- Keeping Up with the Toastmastians (a takeoff on Keeping Up With the Kardashians)
- Real Toastmasters of Leon County
- Match.com and other online relationship services (having helped a friend write his profile recently, I have THOUGHTS on the comic potential of this)
- Some takeoff on “Mean Tweets” (where celebrities read derogatory sentiments people have tweeted about them – click here to see President Obama’s Mean Tweets Segment)
- “Ode to Cookie Dough” – about an incident at work where someone was caught scooping dough out of someone else’s container, thinking he was unseen (and the subsequent fallout).
- There’s probably also plenty of material in fitness and running — I did a speech once about funny running and triathlon signs which was fun to do.
- There’s probably something about my role as my father-in-law’s caregiver, but I’m not sure I can straddle the humor/stress DMZ line very well right now.
- The conversation thread that made me laugh the hardest recently was born from my friend Chloe, from Chloe of the Mountain, a labor and delivery nurse, who stated on Facebook: “You are so clever and unique giving your child an unpronounceable, incomprehensible, and unspellable name.” What followed was a hilarious exchange among many women (yes, they were all women, not a guy in the bunch) with naming horror and humor stories.
The challenge with some of these ideas is the general frame of reference of the audience. With the Elf on the Shelf speech, for example, it is possible attendees who don’t have young children or don’t spend time on social media (seeing everyone plot their elf’s “adventures” or snark at how overboard some people go) will need an “elf primer” before getting into the meat of the story. The same goes for something like “ToastMoms” because as much as our family would get pretty much any reference to DanceMoms (like “the pyramid“), there’s a bit of background someone would need to understand it. (In addition, I’m not sure it’s possible to really understand the satirical potential of Dance Moms if you haven’t seen it.)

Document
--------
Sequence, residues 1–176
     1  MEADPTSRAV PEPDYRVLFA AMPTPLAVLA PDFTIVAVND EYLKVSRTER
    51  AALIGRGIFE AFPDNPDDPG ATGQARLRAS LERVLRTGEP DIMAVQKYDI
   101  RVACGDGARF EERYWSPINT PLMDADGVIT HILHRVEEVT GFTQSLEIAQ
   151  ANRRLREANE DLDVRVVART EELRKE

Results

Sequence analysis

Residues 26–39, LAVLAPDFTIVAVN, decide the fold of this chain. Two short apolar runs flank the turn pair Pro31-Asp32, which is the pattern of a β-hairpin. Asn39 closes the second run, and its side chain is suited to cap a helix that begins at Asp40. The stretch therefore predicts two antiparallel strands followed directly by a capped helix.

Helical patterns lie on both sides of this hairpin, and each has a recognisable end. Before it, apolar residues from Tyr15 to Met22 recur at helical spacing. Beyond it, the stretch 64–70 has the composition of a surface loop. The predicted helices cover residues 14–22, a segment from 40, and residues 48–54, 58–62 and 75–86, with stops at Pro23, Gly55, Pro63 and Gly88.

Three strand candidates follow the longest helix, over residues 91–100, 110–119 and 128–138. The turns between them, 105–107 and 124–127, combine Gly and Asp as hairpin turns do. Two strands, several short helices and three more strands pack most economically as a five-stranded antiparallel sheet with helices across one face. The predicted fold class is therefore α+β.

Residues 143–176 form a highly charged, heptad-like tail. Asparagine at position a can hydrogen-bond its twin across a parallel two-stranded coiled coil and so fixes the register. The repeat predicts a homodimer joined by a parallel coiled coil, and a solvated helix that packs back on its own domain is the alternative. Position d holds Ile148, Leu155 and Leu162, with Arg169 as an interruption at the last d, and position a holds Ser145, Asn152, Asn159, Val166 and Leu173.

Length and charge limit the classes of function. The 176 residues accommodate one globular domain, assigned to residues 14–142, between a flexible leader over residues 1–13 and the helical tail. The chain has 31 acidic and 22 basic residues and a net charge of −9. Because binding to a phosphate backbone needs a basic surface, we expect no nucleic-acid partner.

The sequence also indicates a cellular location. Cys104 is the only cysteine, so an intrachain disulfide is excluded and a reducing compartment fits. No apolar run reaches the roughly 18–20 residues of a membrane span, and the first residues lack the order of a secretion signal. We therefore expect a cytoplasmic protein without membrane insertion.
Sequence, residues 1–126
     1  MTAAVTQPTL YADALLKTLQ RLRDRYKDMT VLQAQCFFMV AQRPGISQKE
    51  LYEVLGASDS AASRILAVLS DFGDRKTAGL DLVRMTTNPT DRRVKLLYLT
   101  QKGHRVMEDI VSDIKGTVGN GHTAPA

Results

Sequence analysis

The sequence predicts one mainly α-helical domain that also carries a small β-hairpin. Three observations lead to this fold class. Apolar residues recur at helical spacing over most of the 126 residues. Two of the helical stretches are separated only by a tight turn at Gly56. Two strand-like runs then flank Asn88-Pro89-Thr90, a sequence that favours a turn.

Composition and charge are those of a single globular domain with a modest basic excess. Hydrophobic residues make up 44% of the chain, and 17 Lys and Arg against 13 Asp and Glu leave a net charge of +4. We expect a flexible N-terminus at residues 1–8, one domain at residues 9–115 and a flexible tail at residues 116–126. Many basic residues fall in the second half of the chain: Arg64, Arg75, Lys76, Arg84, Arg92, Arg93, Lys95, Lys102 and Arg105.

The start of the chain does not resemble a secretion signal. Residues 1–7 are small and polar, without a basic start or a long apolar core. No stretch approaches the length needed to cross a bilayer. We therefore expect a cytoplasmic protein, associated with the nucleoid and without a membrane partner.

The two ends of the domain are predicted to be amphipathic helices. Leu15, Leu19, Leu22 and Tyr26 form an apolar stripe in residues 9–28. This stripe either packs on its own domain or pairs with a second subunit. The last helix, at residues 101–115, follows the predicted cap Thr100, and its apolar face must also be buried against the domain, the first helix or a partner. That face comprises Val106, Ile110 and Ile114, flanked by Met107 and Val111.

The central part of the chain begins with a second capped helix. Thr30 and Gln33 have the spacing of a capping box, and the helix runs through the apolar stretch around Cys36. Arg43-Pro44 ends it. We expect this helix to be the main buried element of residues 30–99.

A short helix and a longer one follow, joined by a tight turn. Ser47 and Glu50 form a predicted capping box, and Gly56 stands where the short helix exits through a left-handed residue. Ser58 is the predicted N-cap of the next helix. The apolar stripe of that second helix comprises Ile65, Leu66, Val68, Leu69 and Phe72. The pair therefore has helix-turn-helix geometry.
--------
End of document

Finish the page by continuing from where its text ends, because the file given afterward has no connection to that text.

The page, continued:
The challenge with the “baby name” idea is my inability to do it without offending someone — whether it be someone who chose a name some would consider odd but others in their culture would consider precious or whether it be someone who just can’t see the pitfalls of a name choice like La-a (prounounced LaDASHa).
Which leads me back around to:
What should I talk about in this speech??!!
Is there a story I’ve told you, some observation I’ve made, or some experience we’ve shared that could be converted into a winning humorous speech?
Obviously, the lion’s share of the work still remains to be done even after I pick a topic. I have to flesh out the content and figure out the most effective way to present it (and, of course, practice, practice, practice). The other categories of judging are delivery (30%) and language (15% for appropriateness and correctness).
Todd Stocker said, “A speaker should approach his preparation not by what he wants to say, but by what he wants to learn.” I sort of like that twist.
I need to learn how to tickle your funny bone with my words. Want to help?
For reference, this is the speech I competed with last year: